When word got out that this would be the last Byte Me column, the accolades from Seattle's technology elite poured in.
"Frank Catalano is to technology analysis what Madonna is to lust," opined ZDNet AnchorDesk editorial director Jesse Berst.
"In the vast pantheon of computer columnists, Frank Catalano has made a lasting contribution. Last in taste, last in grammar, last in analysis..." noted the Seattle Times' Paul Andrews.
"Without Frank Catalano, who will step forth to provide in-depth reporting, insightful analysis, and cutting commentary on the Battle of Interactive Barbie vs. Interactive Barney?" wondered Adam Engst, founder of the online newsletter TidBITS.
"When they made Frank Catalano, they threw away the mold. Maybe it should have been the other way around," concluded Michael Finley, "Future Shoes" columnist for Knight-Ridder Newspapers.
And there was the academic perspective, requiring a deep breath and a dictionary: "Only on a few occasions in recent history has our immemorial discipline been regarded with the acute clarity of thought and recondite originality found in Catalano's serialized treatises. Although many of our earlier savants are now revered for their achievements, historically they were each during their lifetimes rendered perforce as Cassandras to our profession's then-current Delphic haruspex. Let us then strive emphatically to hold in proper consideration what is before us now, lest we find ourselves regarded by the eyes of future history as merely misguided practitioners preferring familiar darkness over the fulgent light that appeared in our midst," pontificated Geoff Duncan, TidBITS' technical editor.
But kind, and occasionally even coherent, words aside, it's true: After more than four years and 200 columns, Byte Me is at an end. Spawned in the pages of Eastsideweek in 1994, when the mass movement toward consumer and multimedia personal computing was gathering steam, Byte Me's purpose was to give readers—whether they were in, or simply interested in, the computer industry—perspectives on new trends or unusual developments, conventional wisdom be damned. The column's longevity, its move to Seattle Weekly, reprints in computer industry trade publications (such as Windows Watcher, Computer Retail Week, ClickZ, and Inside Multimedia in the UK), and a stray award in 1995 seemed to affirm that approach. The regular weekly checks from my editor, of course, were a nice plus.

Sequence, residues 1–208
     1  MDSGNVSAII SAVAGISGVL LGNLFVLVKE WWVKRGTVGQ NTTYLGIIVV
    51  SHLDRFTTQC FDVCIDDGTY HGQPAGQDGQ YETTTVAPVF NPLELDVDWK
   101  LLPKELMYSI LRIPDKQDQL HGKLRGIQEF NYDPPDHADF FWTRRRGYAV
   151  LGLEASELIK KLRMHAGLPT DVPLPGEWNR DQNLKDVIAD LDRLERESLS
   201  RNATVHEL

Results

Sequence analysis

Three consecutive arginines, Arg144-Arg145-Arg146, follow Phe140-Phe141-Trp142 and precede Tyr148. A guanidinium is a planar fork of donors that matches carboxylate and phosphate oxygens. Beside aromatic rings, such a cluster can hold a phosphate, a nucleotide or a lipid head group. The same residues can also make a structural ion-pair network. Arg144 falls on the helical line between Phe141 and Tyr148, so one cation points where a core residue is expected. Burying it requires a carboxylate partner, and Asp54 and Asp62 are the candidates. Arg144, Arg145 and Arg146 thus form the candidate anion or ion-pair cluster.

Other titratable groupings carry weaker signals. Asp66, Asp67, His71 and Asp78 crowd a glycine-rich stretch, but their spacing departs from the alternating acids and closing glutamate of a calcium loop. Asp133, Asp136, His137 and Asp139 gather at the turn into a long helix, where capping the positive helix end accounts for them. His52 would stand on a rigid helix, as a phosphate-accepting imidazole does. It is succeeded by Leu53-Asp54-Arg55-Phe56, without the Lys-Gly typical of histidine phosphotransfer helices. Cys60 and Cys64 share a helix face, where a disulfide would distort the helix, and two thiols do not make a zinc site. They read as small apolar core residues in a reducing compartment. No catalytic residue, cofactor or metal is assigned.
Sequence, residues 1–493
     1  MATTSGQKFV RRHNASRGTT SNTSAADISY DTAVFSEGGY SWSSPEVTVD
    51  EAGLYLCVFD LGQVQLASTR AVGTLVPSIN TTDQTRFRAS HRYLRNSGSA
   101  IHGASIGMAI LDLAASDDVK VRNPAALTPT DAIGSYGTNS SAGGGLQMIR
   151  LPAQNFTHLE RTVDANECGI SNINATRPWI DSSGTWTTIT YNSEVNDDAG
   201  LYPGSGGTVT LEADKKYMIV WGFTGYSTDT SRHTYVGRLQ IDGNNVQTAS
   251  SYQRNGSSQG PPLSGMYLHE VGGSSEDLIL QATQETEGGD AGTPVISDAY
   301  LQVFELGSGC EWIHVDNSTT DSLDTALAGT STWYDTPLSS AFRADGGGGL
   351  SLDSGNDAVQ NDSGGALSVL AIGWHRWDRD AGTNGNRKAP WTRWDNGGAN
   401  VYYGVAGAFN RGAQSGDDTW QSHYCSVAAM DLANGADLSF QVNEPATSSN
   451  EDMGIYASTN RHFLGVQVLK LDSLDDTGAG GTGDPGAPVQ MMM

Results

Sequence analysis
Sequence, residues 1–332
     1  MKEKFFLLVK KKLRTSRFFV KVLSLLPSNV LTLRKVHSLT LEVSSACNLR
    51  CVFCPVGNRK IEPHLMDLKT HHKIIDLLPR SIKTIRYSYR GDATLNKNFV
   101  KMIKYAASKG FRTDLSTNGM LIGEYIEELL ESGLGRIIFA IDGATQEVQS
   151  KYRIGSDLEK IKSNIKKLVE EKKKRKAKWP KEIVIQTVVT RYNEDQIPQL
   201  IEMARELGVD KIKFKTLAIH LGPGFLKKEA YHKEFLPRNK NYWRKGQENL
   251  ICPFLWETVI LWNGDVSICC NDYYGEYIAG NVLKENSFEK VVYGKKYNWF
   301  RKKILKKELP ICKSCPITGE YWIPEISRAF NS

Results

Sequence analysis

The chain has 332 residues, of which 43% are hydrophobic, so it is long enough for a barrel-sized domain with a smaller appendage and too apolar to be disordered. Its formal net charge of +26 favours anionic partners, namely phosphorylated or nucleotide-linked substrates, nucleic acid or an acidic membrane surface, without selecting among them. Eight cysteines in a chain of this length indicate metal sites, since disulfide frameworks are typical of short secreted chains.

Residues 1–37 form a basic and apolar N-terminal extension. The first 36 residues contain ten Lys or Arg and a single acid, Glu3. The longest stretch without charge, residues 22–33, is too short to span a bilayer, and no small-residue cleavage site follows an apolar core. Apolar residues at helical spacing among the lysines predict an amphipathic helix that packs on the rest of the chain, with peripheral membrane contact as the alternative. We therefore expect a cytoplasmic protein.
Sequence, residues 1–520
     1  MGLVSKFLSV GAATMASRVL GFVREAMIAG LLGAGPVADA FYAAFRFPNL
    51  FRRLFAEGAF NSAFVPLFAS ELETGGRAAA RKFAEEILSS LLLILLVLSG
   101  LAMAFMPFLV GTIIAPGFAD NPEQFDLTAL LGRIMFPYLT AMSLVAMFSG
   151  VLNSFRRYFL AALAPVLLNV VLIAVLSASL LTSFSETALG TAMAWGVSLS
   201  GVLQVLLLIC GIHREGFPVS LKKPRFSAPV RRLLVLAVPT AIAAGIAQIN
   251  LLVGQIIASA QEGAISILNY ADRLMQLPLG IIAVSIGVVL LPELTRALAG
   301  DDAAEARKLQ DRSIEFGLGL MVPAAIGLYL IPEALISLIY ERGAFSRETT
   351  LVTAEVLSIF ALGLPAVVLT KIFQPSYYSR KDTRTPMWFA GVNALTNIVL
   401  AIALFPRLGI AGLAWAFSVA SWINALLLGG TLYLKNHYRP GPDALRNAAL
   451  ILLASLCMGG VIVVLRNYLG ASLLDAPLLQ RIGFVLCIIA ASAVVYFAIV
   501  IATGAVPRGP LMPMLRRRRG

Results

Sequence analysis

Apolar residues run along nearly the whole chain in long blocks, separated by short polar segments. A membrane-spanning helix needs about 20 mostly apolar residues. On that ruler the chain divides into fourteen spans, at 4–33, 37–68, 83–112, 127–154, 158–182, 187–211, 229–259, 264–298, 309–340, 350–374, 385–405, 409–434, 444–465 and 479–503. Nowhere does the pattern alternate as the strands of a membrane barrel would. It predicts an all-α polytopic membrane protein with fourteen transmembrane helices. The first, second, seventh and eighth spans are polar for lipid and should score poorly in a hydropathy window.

Though my weekends are now free for pursuit of a life, I still feel there is unfinished business. There are essays I wish I'd been able to write—but reality intervened. Among them:
Net profit: Internet firms, after laboriously examining how companies are run in other industries, suddenly have an epiphany: Success should be measured by building products people want and becoming profitable, not just by going public or selling out to a bigger fish. Industry financial publication The Red Herring, which in July listed its top entrepreneurs and lauded many favorites with "successful IPO" (yet not once wrote "turned a profit"), subsequently goes out of business.
MOTHER OF ALL MICROSOFTS: Microsoft's operating system division finally gets serious about cleaning up its image, and realizes that while it is not willing to admit to any legal lapses, there were occasional ethical lapses, real or perceived, in its business practices. The position of chief ethical officer is created and after a lengthy search, Mother Theresa is named to the post. Unfortunately, by this time, she's dead.
NO JOKE: Congress, petitioned by large corporations, Internet service providers, and the Redmond Chamber of Commerce, bans unsolicited bulk humor e-mail from the Net. Complainants cite the amount of time it takes to hit the delete key, filled-to-capacity mail servers, bandwidth limitations, and confusion over whether or not something is actually a joke. "It is more insidious in clogging the Net than unsolicited commercial e-mail, and frequently just as funny," charged Sen. Slade Gorton (R-Microsoft).
DILUTED SOLUTION: Consumers, suffering repeated disappointments after being taken in by the hype over Windows 95/98, Intel Inside, and the Pamela Anderson Lee video on clublove.com, quit believing that computers and the Internet are some kind of God-like, omnipotent solution and begin to treat them as just a tool. GIGO (Garbage In Garbage Out) is revived, this time as a rallying cry for the Digital Reality movement, which seeks to remove computing technology from its pedestal at the heart of the world's economic, social, and political structures. Computers and the Internet, in retaliation, move the millennium to 1999.
Farfetched? No more so than any of the real headlines and stories that have been published in the 20-year history of personal computing and the five-year life of the World Wide Web. Imagine: America Online becomes the leading Internet service provider, Steve Jobs returns to run Apple Computer, and Microsoft takes an interest in the home mortgage business.
And for those who don't care for this kind of speculation, I say with total, heartfelt irreverence—Byte Me.
Frank Catalano, a Seattle-area analyst for computer industry companies and the co-author of Marketing Online for Dummies, can be reached at firstname.lastname@example.org. Frank will maintain the Byte Me archives at www.catalanoconsulting.com, and occasionally appear in Seattle Weekly. Personal thanks to Ellen Le Vita, Nina Davis, the Pastor in Waiting, and others (who know who they are) for unflinchingly offering valuable—if sometimes irritating—feedback on dozens of columns, and to professional editors John Wilson, Helen Gould, Priscilla Turner, Elisa Murray, Skip Berger, Fred Moody, and Sunny Parsons, without whom his weekends would have been free.